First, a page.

Hisa’s hell waits might bring about miracles at the very last moment, but the flipside to that is that she cannot afford to make a single blunder – there will not be a second time for her to learn from her mistakes. And as much as she likes to put on airs, she is just human and the pressure will eventually get to her.

This episode, we saw Hisa nervous as she was forced to realize that dream of hers might possibly be coming true. And while most of the girls might not notice the cracks in Hisa’s armor, Mako is there, watching.

Hang in there, Hisa.

[HorribleSubs] Saki - The Nationals - 02 [720p].mkv_snapshot_01.07_[2014.01.14_21.37.14]

Moving on to something lighthearted for a change, we have Hacchan and her clothing-failure issues. There were a few manga scenes where only miraculous camera angles kept Hacchan’s appearance decent, but the anime staff apparently decided to turn that into a game of sorts, with every other scene involving the girl being just barely work-safe.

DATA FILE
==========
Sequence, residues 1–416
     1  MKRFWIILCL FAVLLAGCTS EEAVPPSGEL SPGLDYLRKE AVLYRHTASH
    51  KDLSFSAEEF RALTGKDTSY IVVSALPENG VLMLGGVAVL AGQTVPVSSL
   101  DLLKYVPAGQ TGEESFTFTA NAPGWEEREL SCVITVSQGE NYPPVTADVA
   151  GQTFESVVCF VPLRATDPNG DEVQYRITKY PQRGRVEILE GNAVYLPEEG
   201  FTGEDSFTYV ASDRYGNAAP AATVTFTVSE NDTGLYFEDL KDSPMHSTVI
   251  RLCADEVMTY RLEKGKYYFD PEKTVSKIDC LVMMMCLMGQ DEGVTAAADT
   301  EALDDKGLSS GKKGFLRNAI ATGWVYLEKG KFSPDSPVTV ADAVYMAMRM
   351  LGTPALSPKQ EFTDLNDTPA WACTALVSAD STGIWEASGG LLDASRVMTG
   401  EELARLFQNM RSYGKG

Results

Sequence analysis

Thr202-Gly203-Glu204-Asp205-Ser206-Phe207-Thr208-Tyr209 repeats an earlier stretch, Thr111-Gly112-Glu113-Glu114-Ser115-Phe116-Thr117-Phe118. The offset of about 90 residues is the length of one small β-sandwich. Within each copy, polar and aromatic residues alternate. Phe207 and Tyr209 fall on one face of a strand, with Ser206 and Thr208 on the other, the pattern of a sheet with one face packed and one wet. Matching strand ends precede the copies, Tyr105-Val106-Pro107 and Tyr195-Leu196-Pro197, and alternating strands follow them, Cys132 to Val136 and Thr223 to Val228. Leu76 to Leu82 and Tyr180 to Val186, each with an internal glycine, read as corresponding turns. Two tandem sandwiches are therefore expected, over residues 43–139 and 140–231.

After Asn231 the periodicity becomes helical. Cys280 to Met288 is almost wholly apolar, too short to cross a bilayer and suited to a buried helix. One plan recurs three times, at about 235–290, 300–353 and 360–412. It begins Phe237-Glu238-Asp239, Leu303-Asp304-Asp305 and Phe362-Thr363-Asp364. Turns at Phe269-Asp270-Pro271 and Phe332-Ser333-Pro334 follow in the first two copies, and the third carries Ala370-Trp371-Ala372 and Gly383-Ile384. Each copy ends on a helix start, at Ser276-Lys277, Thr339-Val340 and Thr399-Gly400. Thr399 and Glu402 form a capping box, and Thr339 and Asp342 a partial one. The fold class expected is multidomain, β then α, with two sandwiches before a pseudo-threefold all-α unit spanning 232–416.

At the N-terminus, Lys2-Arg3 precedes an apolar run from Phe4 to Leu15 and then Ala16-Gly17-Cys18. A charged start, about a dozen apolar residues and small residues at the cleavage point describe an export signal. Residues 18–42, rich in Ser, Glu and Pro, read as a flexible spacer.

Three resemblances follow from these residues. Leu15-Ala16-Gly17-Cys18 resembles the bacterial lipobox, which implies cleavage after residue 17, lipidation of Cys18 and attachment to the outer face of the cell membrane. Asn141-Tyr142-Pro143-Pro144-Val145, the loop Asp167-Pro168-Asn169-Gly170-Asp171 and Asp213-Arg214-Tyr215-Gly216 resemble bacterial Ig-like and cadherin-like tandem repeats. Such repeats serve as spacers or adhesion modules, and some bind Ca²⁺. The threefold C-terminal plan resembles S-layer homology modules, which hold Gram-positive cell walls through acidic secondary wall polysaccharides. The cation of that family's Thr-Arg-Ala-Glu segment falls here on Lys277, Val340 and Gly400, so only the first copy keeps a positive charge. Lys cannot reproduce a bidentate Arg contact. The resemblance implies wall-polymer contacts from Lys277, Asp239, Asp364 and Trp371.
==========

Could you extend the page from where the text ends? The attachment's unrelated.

Now, please remember that all national matches get recorded on video from several angles… Hacchan should better think about the records left for posterity…

[HorribleSubs] Saki - The Nationals - 02 [720p].mkv_snapshot_00.49_[2014.01.14_21.36.06]

“We kind of failed to win, but it was very fun!”

Remember Senriyama’s Eguchi Sera hiding her tears after the lost inter-high? Remember Ryuuka and Toki’s promise of revenge? Remember the sweat and blood of that mahjong powerhouse which ended up fourth in last year’s tournament?

Well, Eisui does not have all of that. They climbed up to third in the nation because Princess here felt like “having fun with mahjong”, and if they did not get first, well, that is no biggie either.